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SKeyes Center for Media and Cultural Freedom - Samir Kassir Foundation

Defending Media Freedom: Insights from Lebanese Journalists

Tuesday , 02 April 2024
Design: Marc Rechdane

In Lebanon’s socio-political sphere, journalists play a vital role in how society ought to function. As the country navigates a sensitive maze of intra-elite, sect-based polarization, economic crises, political transformations, and regional turmoil, the press acts as both a watchdog and a mirror, reflecting the ongoing struggles of a society in constant flux. This study aims to shed light on how journalists, within this dynamic context, perceive and interpret challenges and opportunities related to legal verdicts, digital safety, freedom of expression, media law reform, and media ownership.

The study uses data from a questionnaire prepared and distributed by ELKA, a polling and analysis firm that has recently been providing services to the Samir Kassir Foundation (SKF). By surveying 500+ journalists across various media outlets and platforms, the study aims to uncover the nuanced challenges of their professional experiences, specifically focusing on their awareness of threats and opportunities in the Lebanese media landscape.

This report starts with the premise that journalists have an indispensable role in promoting transparency, accountability, and informed public discourse within Lebanon’s institutional framework. This is supported by SKF’s previous activities and reports addressing concerns pertaining to digital security, physical safety, and journalistic freedoms. As Lebanon grapples with civil strife legacies, economic instability, and geopolitical pressures, and the region and globe continue to face enormous difficulties with regards to the contested and contentious relationship between democracy and individual liberties, the media, legal, and political literacy of journalists remain critical for a healthy public sphere.

Key Findings

After analyzing several key indicators as outlined above, it becomes evident that 59% of surveyed journalists have experienced one or more types of violations. Only 26% believe that basic freedoms are adequately protected, and a mere 22% consider Lebanese legislation to provide sufficient safeguards. The majority of interviewed journalists view the Press Editors’ Syndicate as ineffective, perceiving it as a co-opted and politicized entity incapable of addressing the repression and exploitation faced by media workers. While some recognize the potential role of the Alternative Press Syndicate, should it gain experience and widen its constituency, doubts linger about its effectiveness in navigating an increasingly turbulent and perilous environment, especially given its limited capacity.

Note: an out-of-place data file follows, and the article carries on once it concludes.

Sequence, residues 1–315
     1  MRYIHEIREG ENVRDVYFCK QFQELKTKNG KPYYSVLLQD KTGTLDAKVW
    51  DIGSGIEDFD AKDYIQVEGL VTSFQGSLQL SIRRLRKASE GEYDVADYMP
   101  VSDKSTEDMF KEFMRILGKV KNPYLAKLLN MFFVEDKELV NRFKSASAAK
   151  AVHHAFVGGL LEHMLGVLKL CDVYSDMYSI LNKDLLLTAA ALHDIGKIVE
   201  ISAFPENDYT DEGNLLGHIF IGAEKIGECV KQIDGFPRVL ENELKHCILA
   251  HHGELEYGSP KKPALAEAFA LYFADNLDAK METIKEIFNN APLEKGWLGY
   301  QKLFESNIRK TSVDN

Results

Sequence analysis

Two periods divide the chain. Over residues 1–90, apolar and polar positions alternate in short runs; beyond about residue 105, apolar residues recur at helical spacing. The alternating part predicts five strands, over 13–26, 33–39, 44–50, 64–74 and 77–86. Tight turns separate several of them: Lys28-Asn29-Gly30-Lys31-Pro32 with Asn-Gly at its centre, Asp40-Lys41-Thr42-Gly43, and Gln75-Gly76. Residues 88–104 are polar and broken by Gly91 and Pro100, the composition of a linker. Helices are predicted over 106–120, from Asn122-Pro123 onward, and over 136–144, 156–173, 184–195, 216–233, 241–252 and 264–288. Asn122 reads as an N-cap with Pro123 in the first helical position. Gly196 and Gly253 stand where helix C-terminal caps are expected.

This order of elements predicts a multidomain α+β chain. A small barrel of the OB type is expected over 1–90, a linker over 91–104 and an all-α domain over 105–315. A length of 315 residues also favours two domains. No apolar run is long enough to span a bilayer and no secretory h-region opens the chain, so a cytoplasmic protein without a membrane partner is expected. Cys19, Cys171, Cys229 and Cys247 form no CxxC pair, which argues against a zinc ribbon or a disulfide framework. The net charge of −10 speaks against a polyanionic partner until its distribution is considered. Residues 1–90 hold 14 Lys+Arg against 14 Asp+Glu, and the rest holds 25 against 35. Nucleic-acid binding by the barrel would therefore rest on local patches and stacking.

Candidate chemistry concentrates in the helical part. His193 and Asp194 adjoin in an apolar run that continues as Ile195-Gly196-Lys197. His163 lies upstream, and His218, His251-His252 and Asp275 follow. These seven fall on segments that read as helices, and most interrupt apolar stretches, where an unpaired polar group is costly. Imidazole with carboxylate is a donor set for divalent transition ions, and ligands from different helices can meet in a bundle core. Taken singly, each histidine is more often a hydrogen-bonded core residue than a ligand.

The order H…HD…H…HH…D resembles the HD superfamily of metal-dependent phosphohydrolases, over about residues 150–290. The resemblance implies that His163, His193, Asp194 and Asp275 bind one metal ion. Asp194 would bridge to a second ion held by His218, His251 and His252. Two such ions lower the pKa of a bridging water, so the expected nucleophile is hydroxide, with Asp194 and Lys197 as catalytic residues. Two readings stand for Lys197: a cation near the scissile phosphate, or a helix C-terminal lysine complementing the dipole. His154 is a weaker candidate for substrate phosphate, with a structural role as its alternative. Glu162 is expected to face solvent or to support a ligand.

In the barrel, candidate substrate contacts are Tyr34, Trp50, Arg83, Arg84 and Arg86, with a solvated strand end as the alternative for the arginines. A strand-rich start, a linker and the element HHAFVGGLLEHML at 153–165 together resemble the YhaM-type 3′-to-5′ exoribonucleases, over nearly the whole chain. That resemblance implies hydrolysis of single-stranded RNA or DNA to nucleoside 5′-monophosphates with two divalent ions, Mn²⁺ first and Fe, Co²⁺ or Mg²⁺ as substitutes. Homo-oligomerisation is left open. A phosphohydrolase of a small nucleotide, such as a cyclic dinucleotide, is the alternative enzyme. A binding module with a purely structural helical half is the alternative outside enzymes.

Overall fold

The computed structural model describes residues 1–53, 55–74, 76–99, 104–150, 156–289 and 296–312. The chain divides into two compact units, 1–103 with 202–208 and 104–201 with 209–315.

Moreover, journalists express widespread skepticism towards the independence, credibility, and impartiality of both traditional and online, digital-native media outlets. They suggest that political funding and donor considerations may compromise the ability of media personnel to conduct impactful and pertinent work and uphold essential ethical standards. Concerning power dynamics, journalists tend to favor the protection of liberties and the representation of marginalized groups within the media landscape. They emphasize the significance of scrutinizing and critiquing influential sectarian leaders who have evaded accountability in a country grappling with economic collapse, all while recognizing certain normative constraints related to addressing prominent figures (e.g., reluctance to condone and engage in ridicule).

In essence, within the media industry, the prevailing trend is for journalists to be cautious about criticizing influential leaders in the military and religious establishment. This study highlights a reluctance, and sometimes outright opposition, among journalists to challenge these influential figures, which ultimately reinforces existing power dynamics. While journalists have the potential to benefit from certain contradictions that could provide space for speaking out and critiquing, they often end up giving in to perspectives that suppress public and private freedoms. Therefore, one should approach with skepticism the degree to which most journalists adhere to principles that prioritize freedom of expression as a social commitment.

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